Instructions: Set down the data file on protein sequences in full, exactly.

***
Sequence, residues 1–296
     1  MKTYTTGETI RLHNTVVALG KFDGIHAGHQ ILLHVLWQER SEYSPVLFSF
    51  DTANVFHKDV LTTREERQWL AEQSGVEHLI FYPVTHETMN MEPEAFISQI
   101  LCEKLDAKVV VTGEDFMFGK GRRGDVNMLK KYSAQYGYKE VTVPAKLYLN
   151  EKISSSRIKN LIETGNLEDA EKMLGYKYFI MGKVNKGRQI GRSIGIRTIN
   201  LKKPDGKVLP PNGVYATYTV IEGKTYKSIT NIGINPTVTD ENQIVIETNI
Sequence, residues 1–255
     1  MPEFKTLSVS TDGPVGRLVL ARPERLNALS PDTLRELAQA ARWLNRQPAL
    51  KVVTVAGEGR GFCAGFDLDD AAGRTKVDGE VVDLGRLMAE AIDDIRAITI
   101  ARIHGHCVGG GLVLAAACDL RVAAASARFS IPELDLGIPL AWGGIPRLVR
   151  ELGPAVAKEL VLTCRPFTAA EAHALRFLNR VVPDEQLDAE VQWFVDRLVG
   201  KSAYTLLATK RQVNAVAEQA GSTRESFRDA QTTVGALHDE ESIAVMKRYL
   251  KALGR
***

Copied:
Sequence, residues 1–296
     1  MKTYTTGETI RLHNTVVALG KFDGIHAGHQ ILLHVLWQER SEYSPVLFSF
    51  DTANVFHKDV LTTREERQWL AEQSGVEHLI FYPVTHETMN MEPEAFISQI
   101  LCEKLDAKVV VTGEDFMFGK GRRGDVNMLK KYSAQYGYKE VTVPAKLYLN
   151  EKISSSRIKN LIETGNLEDA EKMLGYKYFI MGKVNKGRQI GRSIGIRTIN
   201  LKKPDGKVLP PNGVYATYTV IEGKTYKSIT NIGINPTVTD ENQIVIETNI
Sequence, residues 1–255
     1  MPEFKTLSVS TDGPVGRLVL ARPERLNALS PDTLRELAQA ARWLNRQPAL
    51  KVVTVAGEGR GFCAGFDLDD AAGRTKVDGE VVDLGRLMAE AIDDIRAITI
   101  ARIHGHCVGG GLVLAAACDL RVAAASARFS IPELDLGIPL AWGGIPRLVR
   151  ELGPAVAKEL VLTCRPFTAA EAHALRFLNR VVPDEQLDAE VQWFVDRLVG
   201  KSAYTLLATK RQVNAVAEQA GSTRESFRDA QTTVGALHDE ESIAVMKRYL
   251  KALGR